Search as a Tool for Emergence

Search as a Tool for Emergence

Michael J. North (Argonne National Laboratory, USA), Thomas R. Howe (The University of Chicago, USA), Nick Collier (Argonne National Laboratory, USA), Eric Tatara (The University of Chicago, USA), Jonathan Ozik (Argonne National Laboratory, USA) and Charles Macal (PantaRei Corporation, USA)
DOI: 10.4018/978-1-60566-236-7.ch023
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Abstract

Search has been recognized as an important technology for a wide range of software applications. Agentbased modelers often face search challenges both when looking for agents that need to be connected to one another and when seeking appropriate target agents while defining agent behaviors. This chapter presents an approach to simplifying such search problems and shows examples of its use. The approach presented in this chapter offers both imperative and declarative methods to find sets of agents with particular attributes in particular locales. The imperative approach allows for flexible reactions to the agents that are discovered through querying. The declarative approach builds on the imperative approach and introduces a temporal dimension to the process by explicitly allowing for searches that activate in the future depending on the conditions that obtain in a given model.
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Introduction

Search has been recognized as an important technology for a wide range of software applications. For example, Internet Society founding member and Google Chief Internet Evangelist Vint Cerf has stated that (Cerf 2007):

Today’s search engines draw the most relevant information to our attention, and as more data become available online, the importance of search engines will only increase. In the future, people around the world will likely look for new ways to identify the authenticity of online information sources.

According to Ntoulas et al. (2004):

As the Web grows larger and more diverse, search engines are becoming the “killer app” of the Web. Whenever users want to look up information, they typically go to a search engine, issue queries and look at the results. Recent studies confirm the growing importance of search engines. According to (ACNielsen 2004), for example, Web users spend a total of 13 million hours per month interacting with Google alone.

Search technologies are not just used by people for information retrieval. Software programs within automated Web services systems are also beginning to use search technologies to identify other programs to act as service providers. Liu et al. (2004) elaborate on this growing trend:

Web services are self-describing software applications that can be advertised, located, and used across the Internet using a set of standards such as SOAP [Simple Object Access Protocol], WSDL [Web Services Description Language], and UDDI [Universal Description Discovery and Integration] (Papazoglou and Georgakopoulos 2003). Web services encapsulate application functionality and information resources, and make them available through standard programmatic interfaces. Web services are viewed as one of the promising technologies that could help business entities to automate their operations on the Web on a large scale by automatic discovery and consumption of services. Business-to-Business (B2B) integration can be achieved on a demand basis by aggregating multiple services from different providers into a value-added composite service.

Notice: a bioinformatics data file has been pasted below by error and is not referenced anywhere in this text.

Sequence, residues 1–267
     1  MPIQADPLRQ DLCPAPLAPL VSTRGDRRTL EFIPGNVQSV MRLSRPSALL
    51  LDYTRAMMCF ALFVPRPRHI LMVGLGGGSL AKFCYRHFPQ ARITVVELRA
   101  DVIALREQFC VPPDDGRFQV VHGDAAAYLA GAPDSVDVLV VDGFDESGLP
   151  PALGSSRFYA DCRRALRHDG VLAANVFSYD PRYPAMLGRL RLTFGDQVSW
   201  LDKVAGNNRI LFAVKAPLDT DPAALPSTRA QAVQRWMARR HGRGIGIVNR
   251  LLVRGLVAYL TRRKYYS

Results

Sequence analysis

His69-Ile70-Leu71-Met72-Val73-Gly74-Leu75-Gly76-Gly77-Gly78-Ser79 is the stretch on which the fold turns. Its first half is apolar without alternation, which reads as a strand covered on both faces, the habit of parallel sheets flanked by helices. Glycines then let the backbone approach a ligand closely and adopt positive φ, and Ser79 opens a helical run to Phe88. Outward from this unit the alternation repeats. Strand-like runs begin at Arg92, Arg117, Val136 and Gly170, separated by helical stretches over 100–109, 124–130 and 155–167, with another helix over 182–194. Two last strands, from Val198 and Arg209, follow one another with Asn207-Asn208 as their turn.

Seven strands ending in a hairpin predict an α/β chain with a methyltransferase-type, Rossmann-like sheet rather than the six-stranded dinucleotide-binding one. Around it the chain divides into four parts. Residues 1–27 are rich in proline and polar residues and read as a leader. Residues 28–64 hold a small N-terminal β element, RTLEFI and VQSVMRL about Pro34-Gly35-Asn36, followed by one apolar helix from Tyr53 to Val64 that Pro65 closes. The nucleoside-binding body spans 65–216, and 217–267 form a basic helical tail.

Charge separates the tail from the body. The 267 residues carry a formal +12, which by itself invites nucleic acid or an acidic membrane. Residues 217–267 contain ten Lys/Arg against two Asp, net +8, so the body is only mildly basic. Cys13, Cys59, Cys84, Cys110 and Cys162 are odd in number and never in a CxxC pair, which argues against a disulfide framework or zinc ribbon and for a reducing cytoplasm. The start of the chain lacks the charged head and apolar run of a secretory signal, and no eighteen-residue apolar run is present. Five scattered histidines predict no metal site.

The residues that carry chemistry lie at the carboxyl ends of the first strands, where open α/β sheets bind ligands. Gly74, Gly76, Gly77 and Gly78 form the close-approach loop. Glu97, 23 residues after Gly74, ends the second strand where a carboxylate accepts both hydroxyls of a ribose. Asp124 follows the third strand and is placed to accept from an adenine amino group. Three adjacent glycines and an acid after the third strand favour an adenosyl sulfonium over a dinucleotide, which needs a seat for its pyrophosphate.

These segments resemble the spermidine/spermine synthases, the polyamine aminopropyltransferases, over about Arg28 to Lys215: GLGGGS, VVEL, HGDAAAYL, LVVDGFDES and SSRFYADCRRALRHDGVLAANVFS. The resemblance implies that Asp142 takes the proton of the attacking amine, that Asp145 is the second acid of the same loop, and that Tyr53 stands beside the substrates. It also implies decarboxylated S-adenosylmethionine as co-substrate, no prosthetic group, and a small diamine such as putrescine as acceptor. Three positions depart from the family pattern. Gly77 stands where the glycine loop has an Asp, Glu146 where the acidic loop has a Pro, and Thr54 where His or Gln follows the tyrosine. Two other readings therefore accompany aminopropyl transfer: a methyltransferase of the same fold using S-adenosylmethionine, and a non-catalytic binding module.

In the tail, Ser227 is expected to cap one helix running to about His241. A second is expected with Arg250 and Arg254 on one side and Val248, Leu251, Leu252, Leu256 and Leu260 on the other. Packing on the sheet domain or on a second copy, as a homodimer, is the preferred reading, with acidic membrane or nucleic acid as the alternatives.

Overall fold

Liu et al. (2004) also state the following:

The emerging Service-Oriented Computing (SOC) paradigm promises to enable businesses and organizations to collaborate in an unprecedented way by means of standard Web services. To support rapid and dynamic composition of services in this paradigm, Web services that meet requesters’ functional requirements must be able to be located and bounded dynamically from a large and constantly changing number of service providers based on their Quality of Service (QoS).

Agent-based modelers and multi-agent simulationists often face similar challenges when specifying searches for groups of agents within models. This chapter, which builds on the discussion found in North et al. (October 2006c), addresses this issue by first considering the kinds of searches commonly found in agent-based models and multi-agent simulations. It then grounds the need for search in Holland’s properties and features of Complex Adaptive Systems (CAS) (1995). Building on this foundation, this chapter then introduces both Repast Simphony (Repast S) and the Repast S approach to simplifying many agent-based modeling and multi-agent simulation search problems. An example application of the search capability within Repast S is then provided. Finally, this chapter presents some conclusions.

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Background

Several kinds of searches appear to be common in agent-based models and multi-agent simulations, including queries for:

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